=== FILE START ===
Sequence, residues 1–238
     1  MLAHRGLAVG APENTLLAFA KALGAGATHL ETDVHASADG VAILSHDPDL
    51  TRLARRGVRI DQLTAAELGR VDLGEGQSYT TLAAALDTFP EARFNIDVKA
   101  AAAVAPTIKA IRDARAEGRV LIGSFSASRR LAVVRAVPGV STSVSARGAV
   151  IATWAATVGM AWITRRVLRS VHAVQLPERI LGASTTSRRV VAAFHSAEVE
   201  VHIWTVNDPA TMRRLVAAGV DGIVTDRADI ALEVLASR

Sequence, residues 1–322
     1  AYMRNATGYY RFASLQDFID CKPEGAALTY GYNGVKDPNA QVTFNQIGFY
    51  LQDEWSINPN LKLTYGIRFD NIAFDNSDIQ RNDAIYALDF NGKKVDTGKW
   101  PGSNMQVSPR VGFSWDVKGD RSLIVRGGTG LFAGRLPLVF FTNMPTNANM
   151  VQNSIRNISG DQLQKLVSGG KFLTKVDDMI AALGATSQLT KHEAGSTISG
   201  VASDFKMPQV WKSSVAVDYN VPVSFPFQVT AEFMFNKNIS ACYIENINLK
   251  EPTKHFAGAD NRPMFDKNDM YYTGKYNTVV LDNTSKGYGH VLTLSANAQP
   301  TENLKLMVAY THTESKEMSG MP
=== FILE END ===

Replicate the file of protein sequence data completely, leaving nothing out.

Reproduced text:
Sequence, residues 1–238
     1  MLAHRGLAVG APENTLLAFA KALGAGATHL ETDVHASADG VAILSHDPDL
    51  TRLARRGVRI DQLTAAELGR VDLGEGQSYT TLAAALDTFP EARFNIDVKA
   101  AAAVAPTIKA IRDARAEGRV LIGSFSASRR LAVVRAVPGV STSVSARGAV
   151  IATWAATVGM AWITRRVLRS VHAVQLPERI LGASTTSRRV VAAFHSAEVE
   201  VHIWTVNDPA TMRRLVAAGV DGIVTDRADI ALEVLASR

Sequence, residues 1–322
     1  AYMRNATGYY RFASLQDFID CKPEGAALTY GYNGVKDPNA QVTFNQIGFY
    51  LQDEWSINPN LKLTYGIRFD NIAFDNSDIQ RNDAIYALDF NGKKVDTGKW
   101  PGSNMQVSPR VGFSWDVKGD RSLIVRGGTG LFAGRLPLVF FTNMPTNANM
   151  VQNSIRNISG DQLQKLVSGG KFLTKVDDMI AALGATSQLT KHEAGSTISG
   201  VASDFKMPQV WKSSVAVDYN VPVSFPFQVT AEFMFNKNIS ACYIENINLK
   251  EPTKHFAGAD NRPMFDKNDM YYTGKYNTVV LDNTSKGYGH VLTLSANAQP
   301  TENLKLMVAY THTESKEMSG MP